EY, in its Digital mining: the next wave of business transformation report, found miners were making headway in using digital technology effectively to improve productivity. The problem is, miners lag behind just about everybody else, when it comes to adopting digital technology across the entire business.
The report also identified 60 key digital themes and initiatives across the sector, though it found few examples of a clear, integrated and business-wide approach to integrate digital initiatives.
Companies such as Rio Tinto, BHP and Fortescue Metals Group have gone heavily into autonomous haulage, however, the EY report considers that just a siloed business improvement.
EY Global Mining & Metals advisory leader Paul Mitchell said mining continued to lag other sectors in the realm of digital effectiveness.
"The value from digital will only be realised when companies change how they work, rather than succumbing to the lure of individual technology programs and pursuing local optimisation, which is not necessarily transformational," he said.
"While a revolutionary approach to digital would be too disruptive, we believe mining companies should adopt a progressive, multi-year strategy that also accounts for business risk and the primary drivers of value."
EY suggests "waves" of digital change to move a business to a higher digital plane.
It breaks the process into four parts:
- Digital pre-start, building out connectivity to prepare for digital transformation that typically involves investment in infrastructure, communications and data;
- Wave 1, which covers activities focusing on productivity or performance improvement and are typically operated with a single function. At this stage digital can enable a mining operation to manage inherent variability and move toward manufacturing levels of productivity;
- Wave 2, covering broader activities that span the whole value chain and include initiatives to better manage margin through interactions with customers and suppliers; and
- Wave 3, a stage that refers to the rise of disruptive factors that may create significant changes in how the sector operates and may require a step change in business strategy.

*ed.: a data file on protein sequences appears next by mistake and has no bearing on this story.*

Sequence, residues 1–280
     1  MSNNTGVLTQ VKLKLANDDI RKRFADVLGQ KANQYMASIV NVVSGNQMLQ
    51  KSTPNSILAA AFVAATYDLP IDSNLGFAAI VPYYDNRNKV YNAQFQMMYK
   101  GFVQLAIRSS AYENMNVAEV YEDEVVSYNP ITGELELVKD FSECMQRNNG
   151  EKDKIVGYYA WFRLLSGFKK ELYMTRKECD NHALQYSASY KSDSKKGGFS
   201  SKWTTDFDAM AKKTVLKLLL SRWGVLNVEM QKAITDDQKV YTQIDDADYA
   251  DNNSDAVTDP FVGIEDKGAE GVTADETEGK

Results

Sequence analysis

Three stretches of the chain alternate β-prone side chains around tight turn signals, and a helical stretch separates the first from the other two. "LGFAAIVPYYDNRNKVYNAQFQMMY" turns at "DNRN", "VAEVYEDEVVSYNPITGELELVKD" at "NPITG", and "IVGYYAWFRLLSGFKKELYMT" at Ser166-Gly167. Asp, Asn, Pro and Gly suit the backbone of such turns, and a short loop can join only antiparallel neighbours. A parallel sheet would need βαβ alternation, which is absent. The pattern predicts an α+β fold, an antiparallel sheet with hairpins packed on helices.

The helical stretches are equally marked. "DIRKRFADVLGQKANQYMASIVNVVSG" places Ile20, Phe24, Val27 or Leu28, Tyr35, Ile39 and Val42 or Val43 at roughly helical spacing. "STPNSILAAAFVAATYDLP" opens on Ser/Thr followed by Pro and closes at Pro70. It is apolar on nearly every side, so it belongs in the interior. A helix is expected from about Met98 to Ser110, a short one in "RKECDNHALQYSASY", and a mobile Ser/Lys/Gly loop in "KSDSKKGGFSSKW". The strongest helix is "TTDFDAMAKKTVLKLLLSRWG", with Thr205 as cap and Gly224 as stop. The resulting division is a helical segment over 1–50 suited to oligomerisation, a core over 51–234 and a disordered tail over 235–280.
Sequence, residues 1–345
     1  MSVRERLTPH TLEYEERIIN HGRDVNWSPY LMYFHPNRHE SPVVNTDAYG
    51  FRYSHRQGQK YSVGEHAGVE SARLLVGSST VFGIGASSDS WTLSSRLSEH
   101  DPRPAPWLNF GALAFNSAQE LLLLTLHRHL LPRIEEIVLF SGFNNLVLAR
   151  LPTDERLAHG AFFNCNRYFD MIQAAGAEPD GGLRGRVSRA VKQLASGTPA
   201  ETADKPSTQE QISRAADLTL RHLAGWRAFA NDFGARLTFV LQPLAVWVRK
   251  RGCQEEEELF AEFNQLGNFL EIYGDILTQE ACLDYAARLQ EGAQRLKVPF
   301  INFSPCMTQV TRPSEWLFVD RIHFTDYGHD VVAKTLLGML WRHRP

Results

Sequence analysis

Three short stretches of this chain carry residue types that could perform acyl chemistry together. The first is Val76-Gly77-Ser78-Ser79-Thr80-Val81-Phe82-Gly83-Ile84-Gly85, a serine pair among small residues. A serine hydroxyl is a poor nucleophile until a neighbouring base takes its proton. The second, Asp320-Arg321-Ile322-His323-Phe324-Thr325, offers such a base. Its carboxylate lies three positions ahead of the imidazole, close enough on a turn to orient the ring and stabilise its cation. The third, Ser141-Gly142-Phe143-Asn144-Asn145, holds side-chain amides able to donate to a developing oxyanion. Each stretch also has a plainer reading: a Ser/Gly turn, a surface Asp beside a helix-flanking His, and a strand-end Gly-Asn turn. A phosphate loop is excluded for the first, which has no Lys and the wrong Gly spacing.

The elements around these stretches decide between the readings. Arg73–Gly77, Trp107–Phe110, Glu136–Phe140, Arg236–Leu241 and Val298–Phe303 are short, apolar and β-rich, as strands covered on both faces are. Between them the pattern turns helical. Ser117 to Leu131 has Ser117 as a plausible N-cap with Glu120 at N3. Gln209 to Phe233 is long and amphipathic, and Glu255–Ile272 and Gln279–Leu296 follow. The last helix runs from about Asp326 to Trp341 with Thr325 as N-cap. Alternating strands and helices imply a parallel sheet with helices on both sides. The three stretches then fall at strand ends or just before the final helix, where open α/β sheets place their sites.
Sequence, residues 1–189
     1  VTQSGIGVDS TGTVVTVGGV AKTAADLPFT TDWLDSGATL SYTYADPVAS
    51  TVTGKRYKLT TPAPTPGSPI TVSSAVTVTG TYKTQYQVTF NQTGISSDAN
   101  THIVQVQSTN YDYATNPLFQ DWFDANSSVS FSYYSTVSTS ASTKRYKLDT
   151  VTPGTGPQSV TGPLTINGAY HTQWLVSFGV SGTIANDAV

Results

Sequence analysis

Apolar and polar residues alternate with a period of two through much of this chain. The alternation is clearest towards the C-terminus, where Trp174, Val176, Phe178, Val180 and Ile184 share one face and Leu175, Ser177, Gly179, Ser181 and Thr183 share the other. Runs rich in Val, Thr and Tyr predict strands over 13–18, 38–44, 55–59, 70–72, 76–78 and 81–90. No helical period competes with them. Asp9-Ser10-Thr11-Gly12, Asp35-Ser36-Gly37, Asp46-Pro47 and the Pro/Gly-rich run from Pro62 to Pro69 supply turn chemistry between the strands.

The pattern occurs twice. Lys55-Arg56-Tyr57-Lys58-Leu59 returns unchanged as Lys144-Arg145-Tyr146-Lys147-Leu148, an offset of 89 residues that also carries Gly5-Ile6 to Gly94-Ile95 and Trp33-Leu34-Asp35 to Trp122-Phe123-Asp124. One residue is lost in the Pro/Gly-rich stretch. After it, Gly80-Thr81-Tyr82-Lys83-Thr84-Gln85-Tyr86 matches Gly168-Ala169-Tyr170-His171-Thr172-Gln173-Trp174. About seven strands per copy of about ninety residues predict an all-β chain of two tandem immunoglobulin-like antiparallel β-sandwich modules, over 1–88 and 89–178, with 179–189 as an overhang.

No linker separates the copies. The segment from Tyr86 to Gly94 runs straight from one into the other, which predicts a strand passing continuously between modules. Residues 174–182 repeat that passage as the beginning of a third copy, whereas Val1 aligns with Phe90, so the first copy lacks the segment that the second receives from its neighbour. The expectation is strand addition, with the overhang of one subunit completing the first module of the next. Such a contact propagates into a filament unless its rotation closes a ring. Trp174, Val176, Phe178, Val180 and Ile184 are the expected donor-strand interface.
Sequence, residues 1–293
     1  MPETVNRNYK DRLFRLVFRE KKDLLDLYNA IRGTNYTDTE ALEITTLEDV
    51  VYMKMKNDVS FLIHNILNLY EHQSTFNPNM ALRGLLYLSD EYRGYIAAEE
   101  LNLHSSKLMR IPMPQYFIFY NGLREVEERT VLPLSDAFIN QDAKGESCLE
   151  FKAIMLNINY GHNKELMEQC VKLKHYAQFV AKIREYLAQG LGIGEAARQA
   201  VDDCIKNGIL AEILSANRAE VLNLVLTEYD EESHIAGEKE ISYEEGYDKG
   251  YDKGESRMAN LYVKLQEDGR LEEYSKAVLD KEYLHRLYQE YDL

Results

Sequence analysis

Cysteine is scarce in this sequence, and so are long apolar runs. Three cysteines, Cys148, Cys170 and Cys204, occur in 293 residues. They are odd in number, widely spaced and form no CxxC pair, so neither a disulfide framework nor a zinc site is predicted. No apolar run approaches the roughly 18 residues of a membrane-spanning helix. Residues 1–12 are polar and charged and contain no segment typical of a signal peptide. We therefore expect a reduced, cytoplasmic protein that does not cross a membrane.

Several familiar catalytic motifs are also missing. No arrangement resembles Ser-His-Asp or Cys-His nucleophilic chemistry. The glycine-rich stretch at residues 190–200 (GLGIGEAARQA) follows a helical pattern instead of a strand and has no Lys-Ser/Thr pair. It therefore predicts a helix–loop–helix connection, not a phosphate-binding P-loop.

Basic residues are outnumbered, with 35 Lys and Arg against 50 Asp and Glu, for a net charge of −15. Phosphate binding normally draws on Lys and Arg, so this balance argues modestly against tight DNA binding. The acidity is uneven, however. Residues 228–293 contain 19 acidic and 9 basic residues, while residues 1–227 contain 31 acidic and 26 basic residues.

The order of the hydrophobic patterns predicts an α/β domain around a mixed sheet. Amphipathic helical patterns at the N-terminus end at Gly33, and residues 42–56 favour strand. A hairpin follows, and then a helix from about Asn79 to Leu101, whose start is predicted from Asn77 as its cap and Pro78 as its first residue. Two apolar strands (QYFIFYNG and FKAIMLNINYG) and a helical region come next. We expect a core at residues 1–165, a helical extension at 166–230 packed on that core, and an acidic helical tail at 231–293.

"We see the end-state vision for the mining sector as constantly changing and businesses will need to be ready to adapt and change course as required," Mitchell said.
"And while we don't believe the sector will see radical disruption, the opportunity for new entrants to disrupt existing players poses a real threat.
"Market leadership can be lost quickly if dominant players respond slowly or ineffectively to industry disruption and external changes.
"However, the pathway through the waves of digital transformation should not be viewed as inflexibly sequential or static."
The report points out that as automation increases through Waves 1-3, mining companies will need to change the way they work.
This is already being seen in mining operations that have adopted autonomous haulage.
FMG, for example, put in place a series of programs to help those truck drivers that would have their jobs removed to find alternative work with the company.
"The introduction of greater levels of automation will likely lead to a shift in workforce demographics and the skillsets required across the sector," Mitchell said.
"This presents an opportunity for mining businesses to retrain employees and restructure their organisations to pivot the focus of work away from manual tasks and toward improved decision-making and efficiency of execution."
*Noel Dyson is editor of www.miningmonthly.com